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Bear Stearns Lawsuits Already Getting Filed

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One thing that was clear to everyone involved in the deal for JP Morgan Chase to take over Bear Stearns was that there would be lots of litigation. The unusual features of the deal—including JP Morgan’s option to buy the Bear Stearns headquarters even if the deal doesn’t close, the non-solicitation clause, and the option for JP Morgan to purchase 20% of Bear’s shares—amount to an extraordinarily firm lock-up, and the JP Morgan deal team wasn’t shy about mentioning their deal protection on Sunday night’s conference call.
It took less than a day for the first shareholder lawsuit over the collapse of Bear Stearns to be filed in federal court in New York. Coughlin Stoia Geller Rudman Robbins, a San Diego-based law firm, filed a suit yesterday alleging that Bear Stearns and its leaders made false statements about the firm's financial condition and failed to disclose information investors needed to know to evaluate the company's value, the New York Sun reports. The suit seeks certification for a class action on behalf of investors who bought Bear Stearns common stock between December 14, 2006, and March 14, 2008. James Cayne, Alan Schwartz, Warren Spector, Samuel Molinaro, and the chairman of the executive committee, Alan Greenberg are all named as defendants.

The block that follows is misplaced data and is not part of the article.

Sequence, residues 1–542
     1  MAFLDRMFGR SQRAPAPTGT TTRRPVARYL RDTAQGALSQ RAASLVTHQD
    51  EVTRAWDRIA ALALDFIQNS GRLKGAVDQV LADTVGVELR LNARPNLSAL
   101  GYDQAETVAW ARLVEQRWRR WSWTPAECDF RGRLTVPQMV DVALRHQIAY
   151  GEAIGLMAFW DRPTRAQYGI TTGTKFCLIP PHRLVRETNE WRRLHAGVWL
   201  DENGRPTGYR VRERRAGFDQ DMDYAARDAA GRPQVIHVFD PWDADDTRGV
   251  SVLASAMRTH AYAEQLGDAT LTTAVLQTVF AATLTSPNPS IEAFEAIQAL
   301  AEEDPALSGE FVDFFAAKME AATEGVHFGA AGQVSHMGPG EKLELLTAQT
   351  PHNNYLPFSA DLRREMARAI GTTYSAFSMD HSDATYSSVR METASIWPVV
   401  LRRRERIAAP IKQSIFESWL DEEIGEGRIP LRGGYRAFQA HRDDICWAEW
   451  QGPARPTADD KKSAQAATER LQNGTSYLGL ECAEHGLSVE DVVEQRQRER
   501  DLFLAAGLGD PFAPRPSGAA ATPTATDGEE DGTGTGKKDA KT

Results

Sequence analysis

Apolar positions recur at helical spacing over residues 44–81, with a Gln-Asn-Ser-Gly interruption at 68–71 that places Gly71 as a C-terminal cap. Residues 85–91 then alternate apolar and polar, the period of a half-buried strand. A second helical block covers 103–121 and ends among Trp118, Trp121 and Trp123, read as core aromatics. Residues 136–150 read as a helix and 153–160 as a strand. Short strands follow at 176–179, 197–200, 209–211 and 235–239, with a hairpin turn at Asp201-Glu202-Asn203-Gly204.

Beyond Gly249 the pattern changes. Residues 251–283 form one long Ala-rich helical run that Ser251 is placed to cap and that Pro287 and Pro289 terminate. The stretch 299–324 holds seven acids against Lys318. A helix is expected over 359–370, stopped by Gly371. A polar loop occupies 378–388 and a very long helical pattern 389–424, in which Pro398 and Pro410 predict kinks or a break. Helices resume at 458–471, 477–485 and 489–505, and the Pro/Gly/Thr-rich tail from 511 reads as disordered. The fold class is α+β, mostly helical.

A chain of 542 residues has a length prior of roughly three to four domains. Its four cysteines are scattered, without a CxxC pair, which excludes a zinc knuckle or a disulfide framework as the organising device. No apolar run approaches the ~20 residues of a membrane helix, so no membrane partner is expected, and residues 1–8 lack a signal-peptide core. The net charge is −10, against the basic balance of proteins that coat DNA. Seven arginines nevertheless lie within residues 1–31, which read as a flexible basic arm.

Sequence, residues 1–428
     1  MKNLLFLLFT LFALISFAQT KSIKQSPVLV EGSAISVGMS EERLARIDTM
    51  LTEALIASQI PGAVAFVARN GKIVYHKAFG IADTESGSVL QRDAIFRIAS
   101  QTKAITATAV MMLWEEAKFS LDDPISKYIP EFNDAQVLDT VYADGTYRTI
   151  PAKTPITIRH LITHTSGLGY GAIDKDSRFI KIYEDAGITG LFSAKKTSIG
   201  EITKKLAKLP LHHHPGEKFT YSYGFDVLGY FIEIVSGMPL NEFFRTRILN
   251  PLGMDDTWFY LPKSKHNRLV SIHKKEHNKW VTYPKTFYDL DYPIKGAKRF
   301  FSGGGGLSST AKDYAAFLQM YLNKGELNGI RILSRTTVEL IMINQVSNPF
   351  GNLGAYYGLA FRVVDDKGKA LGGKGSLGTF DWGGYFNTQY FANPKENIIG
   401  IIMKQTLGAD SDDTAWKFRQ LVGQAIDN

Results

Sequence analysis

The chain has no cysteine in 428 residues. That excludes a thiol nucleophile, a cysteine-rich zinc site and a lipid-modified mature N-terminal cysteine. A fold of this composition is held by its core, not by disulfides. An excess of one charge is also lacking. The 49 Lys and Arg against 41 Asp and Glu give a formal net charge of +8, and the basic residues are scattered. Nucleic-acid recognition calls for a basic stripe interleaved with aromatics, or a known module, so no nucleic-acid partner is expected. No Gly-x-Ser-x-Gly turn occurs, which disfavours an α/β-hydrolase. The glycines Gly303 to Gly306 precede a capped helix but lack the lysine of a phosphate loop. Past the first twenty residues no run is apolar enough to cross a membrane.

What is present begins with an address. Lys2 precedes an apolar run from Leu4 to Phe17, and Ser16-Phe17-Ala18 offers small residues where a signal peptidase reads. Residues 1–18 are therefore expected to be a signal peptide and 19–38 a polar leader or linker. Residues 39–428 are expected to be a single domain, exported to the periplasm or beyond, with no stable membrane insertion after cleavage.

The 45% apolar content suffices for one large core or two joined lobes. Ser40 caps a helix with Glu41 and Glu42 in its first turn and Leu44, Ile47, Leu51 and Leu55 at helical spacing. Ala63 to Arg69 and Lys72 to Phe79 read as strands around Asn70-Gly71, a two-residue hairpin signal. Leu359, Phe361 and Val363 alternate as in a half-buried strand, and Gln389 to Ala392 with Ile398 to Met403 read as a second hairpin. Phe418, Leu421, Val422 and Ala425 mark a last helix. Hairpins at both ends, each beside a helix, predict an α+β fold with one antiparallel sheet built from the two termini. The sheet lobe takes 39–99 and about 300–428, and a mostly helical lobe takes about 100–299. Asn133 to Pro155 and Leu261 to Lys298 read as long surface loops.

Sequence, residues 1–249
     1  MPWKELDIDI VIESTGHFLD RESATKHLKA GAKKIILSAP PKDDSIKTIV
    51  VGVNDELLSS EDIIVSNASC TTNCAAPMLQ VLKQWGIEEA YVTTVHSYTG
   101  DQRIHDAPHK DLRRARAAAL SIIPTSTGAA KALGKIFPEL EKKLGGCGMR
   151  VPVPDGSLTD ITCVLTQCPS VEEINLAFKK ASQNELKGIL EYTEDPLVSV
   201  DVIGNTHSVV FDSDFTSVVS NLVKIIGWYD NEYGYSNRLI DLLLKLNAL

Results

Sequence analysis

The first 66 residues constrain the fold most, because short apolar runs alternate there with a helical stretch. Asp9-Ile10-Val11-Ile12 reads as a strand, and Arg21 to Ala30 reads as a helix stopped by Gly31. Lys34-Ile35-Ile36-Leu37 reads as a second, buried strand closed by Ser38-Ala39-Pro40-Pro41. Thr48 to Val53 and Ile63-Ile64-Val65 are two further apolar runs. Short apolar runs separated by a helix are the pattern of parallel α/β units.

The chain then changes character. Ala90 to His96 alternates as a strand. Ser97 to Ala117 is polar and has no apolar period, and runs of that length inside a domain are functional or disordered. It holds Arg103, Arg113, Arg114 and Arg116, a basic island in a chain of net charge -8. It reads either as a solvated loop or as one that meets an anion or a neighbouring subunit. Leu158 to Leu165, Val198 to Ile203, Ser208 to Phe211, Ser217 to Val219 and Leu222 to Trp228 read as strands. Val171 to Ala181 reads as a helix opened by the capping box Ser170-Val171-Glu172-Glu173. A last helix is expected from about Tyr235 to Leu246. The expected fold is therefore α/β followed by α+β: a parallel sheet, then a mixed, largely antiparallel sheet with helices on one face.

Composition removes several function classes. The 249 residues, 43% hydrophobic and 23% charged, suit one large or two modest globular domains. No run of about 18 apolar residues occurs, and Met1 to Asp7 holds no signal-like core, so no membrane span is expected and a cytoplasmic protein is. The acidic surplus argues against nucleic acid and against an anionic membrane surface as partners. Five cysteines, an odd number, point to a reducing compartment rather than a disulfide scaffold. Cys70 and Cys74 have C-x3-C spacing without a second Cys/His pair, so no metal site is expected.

As Ted Frank points out on the Point of Law blog, one irony of the shareholder lawsuits is that the expectation of them wound up reducing the payout to Bear Stearns shareholders. “One of the reasons shareholders are getting so little is because of the billions of dollars of litigation reserves JP Morgan has built into the valuation,” he writes. The lawsuits are expected to generate hundreds of millions in litigation costs, and—very possibly—the litigation costs could actually exceed the purchase price JP Morgan plans to pay for the company.
Bear Stearns thoughts [Point of Law]
Amid Bear Stearns Rubble, Lawyers Swoop In [New York Sun]